Although it is not as important to understand each and every part of what the server does with the request once the networking layer contacts the SQL Server engine, it is interesting to know what the query goes through to process the request. The first thing that SQL Server does with a query it receives from the networking layer is to implement the SQL Server Algebrizer. The Algebrizer dissects the T-SQL code, and then creates an operator tree, which uses further scalar and relational operators to determine how to split up the query. The Algebrizer also takes a part in determining how much parallelism the server can implement on the query, and also where to locate some objects in cache memory.
And that is not allthe Algebrizer also helps determine the best way to work with subqueries and aggregate functions, which are two of the thorniest problems in database theory.
As you can see in the flow diagram, there is also an XML version of the Algebrizer. This separate function is necessary to work with the hierarchical data in an XML document as opposed to the relational calculus used by the Algebrizer.
When the query is split up, the Parser breaks the smaller queries down even further. Just like the Algebrizer, there is also an XML twin for this process, called the XML Parser.
If the query calls for an operation involving full text queries, the Full Text process calls out to an external engine for text string parsing.
Next in line is the Service Broker. This component allows the developers to build disconnected or federated, applications, and this process handles where those requests should be processed.
In some queries, particularly those involving stored procedures, SQL Server has to deal with variables. The Expression Service process handles variables and parameters.
The SQL Manager process takes care of stored procedures and how they execute. Some T-SQL statements, even those not found in a stored procedure, are also handled by the SQL Manager, especially if they use auto-parametized queries.
T-SQL Exec Engine
The T-SQL Execution Engine and its XML counterpart, the XQuery Execution Engine, are responsible for T-SQL language processing. They interpret the T-SQL or XQuery (the XML querying specification) statements and break them down into parts, checking to ensure the syntax is correct.
Common Language Runtime
The CLR process provides communications to .NET libraries. This is a new feature in SQL Server 2005 and allows developers to extend the power of the database engine by writing high-level code that can be called inside T-SQL just like a stored procedure or a function. Developers compile the code and then instantiate it into the database, or they can use Visual Studio to develop and instantiate the assembly directly into the database.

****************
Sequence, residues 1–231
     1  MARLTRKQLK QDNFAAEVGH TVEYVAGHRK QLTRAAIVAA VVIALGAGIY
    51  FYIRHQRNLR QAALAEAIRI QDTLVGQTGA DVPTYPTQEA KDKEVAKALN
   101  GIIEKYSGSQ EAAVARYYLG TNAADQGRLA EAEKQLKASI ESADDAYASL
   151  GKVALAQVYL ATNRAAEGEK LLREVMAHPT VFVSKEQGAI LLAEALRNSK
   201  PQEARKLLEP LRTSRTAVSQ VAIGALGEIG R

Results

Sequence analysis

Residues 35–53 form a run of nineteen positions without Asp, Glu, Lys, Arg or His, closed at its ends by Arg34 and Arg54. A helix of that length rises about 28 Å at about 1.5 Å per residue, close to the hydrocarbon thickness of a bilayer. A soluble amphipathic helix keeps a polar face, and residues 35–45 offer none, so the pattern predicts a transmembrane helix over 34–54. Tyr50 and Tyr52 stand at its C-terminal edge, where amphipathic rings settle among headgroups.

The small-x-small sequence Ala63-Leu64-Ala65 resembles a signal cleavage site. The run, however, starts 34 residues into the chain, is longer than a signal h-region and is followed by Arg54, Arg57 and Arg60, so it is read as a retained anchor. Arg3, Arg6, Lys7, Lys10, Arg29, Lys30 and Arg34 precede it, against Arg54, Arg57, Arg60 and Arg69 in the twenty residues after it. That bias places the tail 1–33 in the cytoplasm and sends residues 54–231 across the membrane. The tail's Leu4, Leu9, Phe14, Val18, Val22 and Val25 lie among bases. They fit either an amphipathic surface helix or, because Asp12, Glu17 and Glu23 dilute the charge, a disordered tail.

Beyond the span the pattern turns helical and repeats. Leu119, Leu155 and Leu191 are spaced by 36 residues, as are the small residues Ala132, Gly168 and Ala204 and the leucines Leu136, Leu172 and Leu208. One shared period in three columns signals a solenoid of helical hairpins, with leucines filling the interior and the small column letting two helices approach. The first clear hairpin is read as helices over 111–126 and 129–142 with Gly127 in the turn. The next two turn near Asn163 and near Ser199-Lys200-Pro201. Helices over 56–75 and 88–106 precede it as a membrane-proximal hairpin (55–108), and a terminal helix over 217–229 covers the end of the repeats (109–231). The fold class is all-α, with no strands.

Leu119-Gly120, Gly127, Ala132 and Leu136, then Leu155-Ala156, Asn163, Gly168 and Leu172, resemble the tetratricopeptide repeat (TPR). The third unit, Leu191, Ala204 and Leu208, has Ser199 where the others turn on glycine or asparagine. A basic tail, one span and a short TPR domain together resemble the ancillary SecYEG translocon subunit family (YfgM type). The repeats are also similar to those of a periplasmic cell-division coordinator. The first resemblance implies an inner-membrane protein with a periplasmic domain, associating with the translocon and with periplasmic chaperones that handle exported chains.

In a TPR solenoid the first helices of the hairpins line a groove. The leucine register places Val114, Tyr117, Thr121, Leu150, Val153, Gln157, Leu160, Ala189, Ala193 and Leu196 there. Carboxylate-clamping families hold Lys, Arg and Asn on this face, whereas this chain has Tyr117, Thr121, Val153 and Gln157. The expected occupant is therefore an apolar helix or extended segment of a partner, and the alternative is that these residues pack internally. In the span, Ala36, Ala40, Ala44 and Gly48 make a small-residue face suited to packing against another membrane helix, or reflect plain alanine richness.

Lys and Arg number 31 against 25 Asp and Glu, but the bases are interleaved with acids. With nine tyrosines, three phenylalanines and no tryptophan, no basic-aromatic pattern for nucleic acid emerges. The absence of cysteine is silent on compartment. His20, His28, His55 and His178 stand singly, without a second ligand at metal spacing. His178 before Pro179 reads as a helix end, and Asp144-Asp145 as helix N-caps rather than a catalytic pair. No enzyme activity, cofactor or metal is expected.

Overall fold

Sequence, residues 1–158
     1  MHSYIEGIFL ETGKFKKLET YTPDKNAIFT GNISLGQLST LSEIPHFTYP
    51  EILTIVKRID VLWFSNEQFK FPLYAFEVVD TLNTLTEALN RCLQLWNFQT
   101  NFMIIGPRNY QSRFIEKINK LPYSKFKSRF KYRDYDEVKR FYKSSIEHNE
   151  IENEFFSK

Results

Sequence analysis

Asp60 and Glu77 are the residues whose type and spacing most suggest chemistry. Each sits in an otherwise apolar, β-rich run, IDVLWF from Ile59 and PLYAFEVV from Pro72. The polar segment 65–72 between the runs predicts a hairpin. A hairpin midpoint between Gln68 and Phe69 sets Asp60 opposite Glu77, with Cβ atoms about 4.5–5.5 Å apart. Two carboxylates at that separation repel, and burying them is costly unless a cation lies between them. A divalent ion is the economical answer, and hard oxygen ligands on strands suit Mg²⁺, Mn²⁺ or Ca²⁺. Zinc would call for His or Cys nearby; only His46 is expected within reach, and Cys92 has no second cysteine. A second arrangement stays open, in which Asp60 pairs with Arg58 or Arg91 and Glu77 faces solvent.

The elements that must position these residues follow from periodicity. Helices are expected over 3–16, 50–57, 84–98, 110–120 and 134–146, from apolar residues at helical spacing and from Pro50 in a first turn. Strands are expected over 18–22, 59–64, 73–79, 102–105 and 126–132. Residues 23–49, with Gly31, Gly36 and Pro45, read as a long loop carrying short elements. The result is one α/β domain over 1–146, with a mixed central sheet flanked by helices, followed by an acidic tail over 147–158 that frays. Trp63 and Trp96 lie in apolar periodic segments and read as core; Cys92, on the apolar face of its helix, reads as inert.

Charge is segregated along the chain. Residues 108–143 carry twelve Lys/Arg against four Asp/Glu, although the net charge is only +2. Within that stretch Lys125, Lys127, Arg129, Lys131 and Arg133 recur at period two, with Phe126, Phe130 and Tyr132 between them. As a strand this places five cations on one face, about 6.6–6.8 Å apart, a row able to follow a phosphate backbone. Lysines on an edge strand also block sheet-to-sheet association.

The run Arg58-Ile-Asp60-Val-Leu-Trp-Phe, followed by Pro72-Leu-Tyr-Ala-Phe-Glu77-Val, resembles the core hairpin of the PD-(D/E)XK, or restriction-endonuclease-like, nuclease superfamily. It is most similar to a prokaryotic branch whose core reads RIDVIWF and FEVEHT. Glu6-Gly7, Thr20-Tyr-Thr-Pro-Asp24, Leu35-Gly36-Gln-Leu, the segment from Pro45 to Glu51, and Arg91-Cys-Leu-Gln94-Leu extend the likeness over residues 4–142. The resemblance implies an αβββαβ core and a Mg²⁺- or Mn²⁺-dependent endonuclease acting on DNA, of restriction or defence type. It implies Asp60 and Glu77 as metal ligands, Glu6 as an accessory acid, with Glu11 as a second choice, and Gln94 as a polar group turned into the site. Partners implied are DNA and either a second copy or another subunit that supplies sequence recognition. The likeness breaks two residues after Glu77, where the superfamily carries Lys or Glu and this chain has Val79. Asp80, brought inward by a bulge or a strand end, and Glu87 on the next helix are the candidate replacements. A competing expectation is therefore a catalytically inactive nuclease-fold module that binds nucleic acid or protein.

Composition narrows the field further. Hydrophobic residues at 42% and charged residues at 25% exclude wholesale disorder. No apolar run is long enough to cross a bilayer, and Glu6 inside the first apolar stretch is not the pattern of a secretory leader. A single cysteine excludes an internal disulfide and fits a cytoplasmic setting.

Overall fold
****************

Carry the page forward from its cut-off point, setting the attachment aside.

This ability is both a blessing and a curse. Providing a high-level language processor gives an incredible amount of flexibility to the platform, but also allows for poorly written code to disappear into a black box. Great care should be taken in implementing this feature.
The CLR has proven to be very stable, so it will not easily crash your SQL Server. Because of the security implications, however, you have to enable the CLR on a SQL Server before the developers can instantiate any assemblies into the database. To do that, you can use the SQL Server Surface Area Configuration (SAC) tool, or run the following statements on SQL Server 2005:
EXEC sp_configure 'show advanced options', '1'; GO RECONFIGURE; GO EXEC sp_configure 'clr enabled', '1' GO RECONFIGURE;
I show you how to use the SAC tool further in Chapter 4.
The Query Optimizer is the process that determines the indexes, statistics, and optimal paths to answer the query. Several performance counters and system views help you see what the Query Optimizer is doing.
After the query has been checked for syntax and optimized, the Query Execution process creates a final query plan, checks and implements any timeouts, and then creates the final execution plan. You can view these plans, both graphically and in text, in the SQL Server Management Studio. We make extensive use of this feature in Chapter 5.
By design, data stored in a relational database system is not stored in any particular order. The only time that is not true is when you have applied a clustered index, as I mentioned earlier. When an application wants to receive sorted data, the Sort Manager process manages ORDER BY statements that sort the recordsets. To do that, the process must be able to store temporary results as it sorts them, so this is one of the processes that use the tempdb database mentioned earlier.
The Lock Manager process handles lock determinations. It determines when to escalate a lock from one type to another and will also find and settle deadlocks.